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Train for the Top Culinary Trends for 2011 at Culinary Schools in America

In the Fire

Lettuce grown on rooftop gardens. Children's meals that include fresh, whole foods. Fish species whose harvest doesn't damage ocean ecosystems.

Each of these food items is more likely to appear on restaurant menus in 2011, according to the National Restaurant Association's "What's Hot in 2011" (www.restaurant.org, 2011). The Association's annual survey asked member chefs from the American Culinary Federation to rate a list of items as a "hot trend," "yesterday's news," or "perennial favorite."

Based on responses from 1,527 chefs, hot trends for 2011 include:

  • Locally-sourced foods. Look for meats, seafood, produce, and even wine and beer from local sources--including rooftop gardens and in-house butchering (no public participation required).
  • Nutritionally-balanced children's dishes. Children's nutrition will be top of mind in 2011, so restaurants may be more likely to 86 the French fries from the children's menu and replace them with sides of fruits and vegetables.
  • Gluten-free and food allergy-conscious options. Restaurant servers should be spared the trouble of reciting lists of ingredients to food-sensitive customers, as restaurants increasingly identify allergens--and their absence--on the menu.

Chefs were also asked to identify the top operational trends in the restaurant business. The front runners in 2011 include:

  • Mobile food trucks and pop-up restaurants
  • Restaurants with gardens
  • Social media-based marketing

As these trends reflect larger societal trends and the preferences of increasingly discriminating diners, chefs and restaurateurs may find it prudent to jump on the bandwagon, rather than find their menus becoming "yesterday's news."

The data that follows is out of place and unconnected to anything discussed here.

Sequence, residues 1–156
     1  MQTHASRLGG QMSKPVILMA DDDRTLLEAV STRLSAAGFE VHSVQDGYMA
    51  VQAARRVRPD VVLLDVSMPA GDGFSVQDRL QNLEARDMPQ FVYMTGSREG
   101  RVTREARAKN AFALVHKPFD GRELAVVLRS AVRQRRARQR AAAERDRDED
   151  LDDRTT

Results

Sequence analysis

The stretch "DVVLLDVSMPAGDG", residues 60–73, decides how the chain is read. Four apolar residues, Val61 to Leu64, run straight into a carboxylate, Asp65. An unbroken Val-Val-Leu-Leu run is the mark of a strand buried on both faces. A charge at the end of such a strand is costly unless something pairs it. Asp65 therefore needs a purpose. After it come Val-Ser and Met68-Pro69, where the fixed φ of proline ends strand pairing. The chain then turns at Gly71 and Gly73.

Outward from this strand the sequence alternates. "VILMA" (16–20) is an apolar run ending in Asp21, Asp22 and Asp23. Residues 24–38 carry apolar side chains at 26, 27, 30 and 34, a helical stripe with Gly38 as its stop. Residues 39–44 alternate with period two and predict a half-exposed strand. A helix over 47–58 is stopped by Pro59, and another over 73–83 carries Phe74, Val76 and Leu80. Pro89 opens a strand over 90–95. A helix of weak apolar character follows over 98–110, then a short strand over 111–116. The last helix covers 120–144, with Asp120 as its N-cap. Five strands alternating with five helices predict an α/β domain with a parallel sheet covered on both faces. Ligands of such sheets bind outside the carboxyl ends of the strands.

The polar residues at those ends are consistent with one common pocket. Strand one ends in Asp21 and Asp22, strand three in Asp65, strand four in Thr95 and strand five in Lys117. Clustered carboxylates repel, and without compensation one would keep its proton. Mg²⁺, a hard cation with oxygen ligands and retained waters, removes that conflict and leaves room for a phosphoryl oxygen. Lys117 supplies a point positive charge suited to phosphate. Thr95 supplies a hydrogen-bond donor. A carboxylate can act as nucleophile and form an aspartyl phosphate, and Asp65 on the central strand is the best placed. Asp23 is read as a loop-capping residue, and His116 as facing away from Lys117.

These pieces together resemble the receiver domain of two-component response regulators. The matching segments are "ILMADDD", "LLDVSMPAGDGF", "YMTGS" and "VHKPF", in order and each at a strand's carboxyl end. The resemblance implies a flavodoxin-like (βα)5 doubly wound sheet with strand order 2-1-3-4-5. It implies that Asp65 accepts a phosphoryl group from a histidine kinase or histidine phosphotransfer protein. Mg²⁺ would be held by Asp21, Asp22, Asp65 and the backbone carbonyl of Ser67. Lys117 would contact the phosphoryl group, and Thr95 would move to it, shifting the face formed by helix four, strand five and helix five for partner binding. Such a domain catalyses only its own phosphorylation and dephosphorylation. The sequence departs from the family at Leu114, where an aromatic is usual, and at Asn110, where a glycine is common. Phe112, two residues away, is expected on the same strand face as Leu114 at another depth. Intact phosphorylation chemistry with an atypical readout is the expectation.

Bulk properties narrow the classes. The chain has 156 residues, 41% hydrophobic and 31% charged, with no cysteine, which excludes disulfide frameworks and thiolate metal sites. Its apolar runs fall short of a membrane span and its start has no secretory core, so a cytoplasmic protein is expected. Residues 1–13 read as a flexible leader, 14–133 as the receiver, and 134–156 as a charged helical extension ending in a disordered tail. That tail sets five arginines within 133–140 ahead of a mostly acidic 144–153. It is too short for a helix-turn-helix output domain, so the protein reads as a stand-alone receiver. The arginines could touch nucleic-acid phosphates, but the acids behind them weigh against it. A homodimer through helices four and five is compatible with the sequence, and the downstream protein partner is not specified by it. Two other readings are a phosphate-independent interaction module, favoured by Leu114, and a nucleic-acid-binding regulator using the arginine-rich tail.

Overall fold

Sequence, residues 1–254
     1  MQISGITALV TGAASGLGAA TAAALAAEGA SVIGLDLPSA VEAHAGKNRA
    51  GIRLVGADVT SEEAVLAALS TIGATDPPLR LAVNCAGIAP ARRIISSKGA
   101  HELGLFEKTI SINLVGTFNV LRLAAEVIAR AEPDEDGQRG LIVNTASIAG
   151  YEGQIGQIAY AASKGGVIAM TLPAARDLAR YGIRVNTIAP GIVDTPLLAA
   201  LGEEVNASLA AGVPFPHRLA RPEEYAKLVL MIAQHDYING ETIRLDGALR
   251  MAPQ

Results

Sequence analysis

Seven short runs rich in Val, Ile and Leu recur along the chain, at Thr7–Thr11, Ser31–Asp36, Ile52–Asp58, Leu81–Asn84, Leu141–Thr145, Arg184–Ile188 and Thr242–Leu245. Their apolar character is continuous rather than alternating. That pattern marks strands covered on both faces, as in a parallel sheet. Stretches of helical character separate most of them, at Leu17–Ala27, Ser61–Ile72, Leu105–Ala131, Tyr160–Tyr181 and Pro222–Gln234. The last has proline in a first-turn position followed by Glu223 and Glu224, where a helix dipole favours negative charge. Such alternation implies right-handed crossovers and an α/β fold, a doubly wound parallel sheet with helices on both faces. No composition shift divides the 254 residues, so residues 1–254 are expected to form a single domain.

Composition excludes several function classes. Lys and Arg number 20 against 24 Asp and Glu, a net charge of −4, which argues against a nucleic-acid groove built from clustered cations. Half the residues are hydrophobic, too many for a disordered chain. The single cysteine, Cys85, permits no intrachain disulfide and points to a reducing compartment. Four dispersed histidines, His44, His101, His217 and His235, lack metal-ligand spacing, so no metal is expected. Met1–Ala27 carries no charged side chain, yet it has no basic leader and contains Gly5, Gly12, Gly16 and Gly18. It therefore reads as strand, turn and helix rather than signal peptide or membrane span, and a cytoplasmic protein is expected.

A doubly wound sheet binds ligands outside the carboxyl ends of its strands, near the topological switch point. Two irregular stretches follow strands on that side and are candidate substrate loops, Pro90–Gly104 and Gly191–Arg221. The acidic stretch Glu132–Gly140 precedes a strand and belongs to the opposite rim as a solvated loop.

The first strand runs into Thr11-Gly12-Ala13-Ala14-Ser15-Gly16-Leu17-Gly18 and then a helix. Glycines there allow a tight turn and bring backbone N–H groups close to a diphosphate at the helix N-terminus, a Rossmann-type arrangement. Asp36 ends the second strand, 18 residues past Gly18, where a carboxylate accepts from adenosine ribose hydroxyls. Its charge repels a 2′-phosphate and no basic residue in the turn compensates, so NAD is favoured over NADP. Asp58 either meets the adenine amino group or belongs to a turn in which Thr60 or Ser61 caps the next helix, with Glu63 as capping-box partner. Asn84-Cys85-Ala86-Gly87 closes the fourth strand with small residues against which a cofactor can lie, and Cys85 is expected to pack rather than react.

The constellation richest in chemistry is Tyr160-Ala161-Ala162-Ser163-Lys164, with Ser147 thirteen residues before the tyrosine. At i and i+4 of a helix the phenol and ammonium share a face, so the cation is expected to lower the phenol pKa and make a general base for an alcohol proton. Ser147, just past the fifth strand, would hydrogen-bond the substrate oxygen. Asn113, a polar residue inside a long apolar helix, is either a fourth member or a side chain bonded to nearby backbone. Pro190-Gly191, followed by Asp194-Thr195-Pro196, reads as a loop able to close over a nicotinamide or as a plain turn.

Keeping Up with the Trends through Culinary Schools in America

But what, exactly, are children's nutritional needs? What is a viable business model for a pop-up restaurant? How can chefs work with vendors to procure local and sustainably harvested ingredients?

If you're asking any of these questions, then culinary schools in the USA may be able to help. The most dynamic culinary schools in America should offer curricula designed to provide you with a broad base of knowledge and get you up to speed on the trends.

Culinary schools in America can teach you restaurant management, and how to keep your business profitable--a skill you will need as you determine how to integrate a rooftop garden into your business plan. As more chefs make use of social media, you'll want to have a background in marketing to become savvy in promoting your business. And as nutrition becomes increasingly important to discerning customers, chefs need to know how to assess the nutritional value of the dishes they prepare--knowledge that can be learned through culinary school.

Culinary Education: Another Hot Trend

A 2010 article in the New York Post noted that culinary schools across the country are seeing a huge increase in applicants. More chefs and food workers are pursuing formal training programs in order to become more competitive for jobs, and learn the business skills that can enable them to succeed in the workforce.

Culinary education is, therefore, another hot trend--and probably one that is destined to become a "perennial favorite."